In college, over 55 years ago, I chose “Sociology” as my major. On the very first day in one of my classes, The professor walked into the room and after a minute or two of silence, he began speaking . . . quite “normally” at first. Within a minute though he began to stutter and stammer . . . severely! The episode lasted for a good 5 to 10 seconds. It was very difficult to watch. I think everyone in the room felt anxious. Some people laughed . . . and I’m sure that was a manifestation of their anxiety. One or two students actually got up and left! I sat there and on some level, felt the urge to leave but didn’t. The hour long class seemed to go on forever as the professor presented very interesting and important information on the subject matter!
After a while I settled down and my level of discomfort softened. I thought:
"Here is a person, with an extreme speech impediment. And despite that, there he was, having what I assumed was great courage, standing in front of class of 18 to 20 year olds, sharing his expertise. He made no mention of his clearly obvious challenge. It “was what it was” . . . just one facet of who he was! After some days, I accepted how inconsequential it was. Turned out that he was one of the best professor I had.
After extensive research I handed in a paper entitled “The ritual use of peyote among the Navajo”. When the papers were returned, I was delighted to see “A+” on the front page. At the end of class that day, the professor approached me and commented on the excellence of my work! Not only that, he then proceeded to invite me to his home to discuss some further thoughts that he had about my paper. Well we stood 2 to 3 feet apart, his speech was interrupted by the same stammering and stuttering that took place every day during the class. I just waited, without discomfort, until he resumed discussion. I took him up on his invitation. As we sat together at his home, after about 30 minutes of discussion, he totally surprised me by suggesting, that if I would be willing to edit my paper, i.e. shortened it, he thought it had a very good chance of being published in a sociology journal.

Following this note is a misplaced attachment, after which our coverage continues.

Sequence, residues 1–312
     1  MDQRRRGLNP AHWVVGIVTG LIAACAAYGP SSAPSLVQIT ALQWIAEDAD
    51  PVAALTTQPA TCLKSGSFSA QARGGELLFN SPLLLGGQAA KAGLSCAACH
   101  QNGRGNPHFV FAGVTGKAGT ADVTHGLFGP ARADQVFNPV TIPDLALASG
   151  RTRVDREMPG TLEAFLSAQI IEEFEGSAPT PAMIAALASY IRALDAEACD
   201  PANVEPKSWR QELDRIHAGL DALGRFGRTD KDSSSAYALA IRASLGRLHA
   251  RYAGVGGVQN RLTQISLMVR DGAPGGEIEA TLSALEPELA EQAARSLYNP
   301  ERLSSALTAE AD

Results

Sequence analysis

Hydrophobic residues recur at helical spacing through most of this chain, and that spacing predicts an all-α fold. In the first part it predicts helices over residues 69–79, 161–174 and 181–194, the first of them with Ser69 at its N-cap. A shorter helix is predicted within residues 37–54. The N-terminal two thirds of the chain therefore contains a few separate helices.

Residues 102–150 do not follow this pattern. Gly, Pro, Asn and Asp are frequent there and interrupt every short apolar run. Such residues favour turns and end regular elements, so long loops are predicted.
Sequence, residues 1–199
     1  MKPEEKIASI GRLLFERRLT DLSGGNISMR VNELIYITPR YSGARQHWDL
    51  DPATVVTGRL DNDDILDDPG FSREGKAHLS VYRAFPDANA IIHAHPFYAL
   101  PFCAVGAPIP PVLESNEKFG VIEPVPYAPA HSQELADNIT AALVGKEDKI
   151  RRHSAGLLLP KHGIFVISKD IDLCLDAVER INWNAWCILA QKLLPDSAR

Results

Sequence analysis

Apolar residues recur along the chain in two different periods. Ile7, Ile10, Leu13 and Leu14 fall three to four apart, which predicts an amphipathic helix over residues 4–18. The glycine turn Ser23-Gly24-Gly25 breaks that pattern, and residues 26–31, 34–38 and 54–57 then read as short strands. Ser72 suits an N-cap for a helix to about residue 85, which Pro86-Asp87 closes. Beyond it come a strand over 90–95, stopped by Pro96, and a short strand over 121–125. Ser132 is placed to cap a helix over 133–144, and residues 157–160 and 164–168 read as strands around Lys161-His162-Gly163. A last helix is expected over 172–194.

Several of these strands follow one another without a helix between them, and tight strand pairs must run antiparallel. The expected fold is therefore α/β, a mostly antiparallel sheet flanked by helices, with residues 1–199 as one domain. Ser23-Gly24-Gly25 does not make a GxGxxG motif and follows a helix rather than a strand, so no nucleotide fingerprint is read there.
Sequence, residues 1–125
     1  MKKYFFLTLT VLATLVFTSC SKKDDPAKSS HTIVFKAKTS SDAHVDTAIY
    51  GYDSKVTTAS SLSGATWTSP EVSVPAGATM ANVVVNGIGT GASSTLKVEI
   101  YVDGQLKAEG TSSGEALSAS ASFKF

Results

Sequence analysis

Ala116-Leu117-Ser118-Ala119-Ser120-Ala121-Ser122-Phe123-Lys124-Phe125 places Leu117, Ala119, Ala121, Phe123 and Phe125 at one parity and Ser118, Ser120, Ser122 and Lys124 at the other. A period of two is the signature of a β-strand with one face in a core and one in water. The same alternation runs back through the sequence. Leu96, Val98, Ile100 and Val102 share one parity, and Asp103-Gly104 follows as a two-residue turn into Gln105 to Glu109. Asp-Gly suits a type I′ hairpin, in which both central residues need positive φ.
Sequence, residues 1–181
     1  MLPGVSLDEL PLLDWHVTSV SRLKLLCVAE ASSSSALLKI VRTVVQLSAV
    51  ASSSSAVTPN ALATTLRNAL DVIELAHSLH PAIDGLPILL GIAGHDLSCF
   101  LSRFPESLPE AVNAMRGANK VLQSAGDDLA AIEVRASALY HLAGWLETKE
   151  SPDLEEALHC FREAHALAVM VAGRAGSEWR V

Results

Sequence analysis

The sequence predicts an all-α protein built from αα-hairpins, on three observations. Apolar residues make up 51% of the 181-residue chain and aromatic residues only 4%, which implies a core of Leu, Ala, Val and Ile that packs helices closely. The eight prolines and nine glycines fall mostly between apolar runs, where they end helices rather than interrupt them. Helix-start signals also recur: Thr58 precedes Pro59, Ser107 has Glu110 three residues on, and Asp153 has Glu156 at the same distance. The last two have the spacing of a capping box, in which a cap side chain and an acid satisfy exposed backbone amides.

After a few days to think about it, I came to the conclusion that I was so “burned out”, after putting so much effort into the paper, that would not go ahead with his suggestion.
It turned out, that, imho, this professor was the best of them all. I was so glad that I did not let my initial discomfort cause me to leave that very first day and give up on this brilliant, motivational “person” . . . Who, despite his oratory challenges, went on to get his PhD in Sociology and decided to become a professor!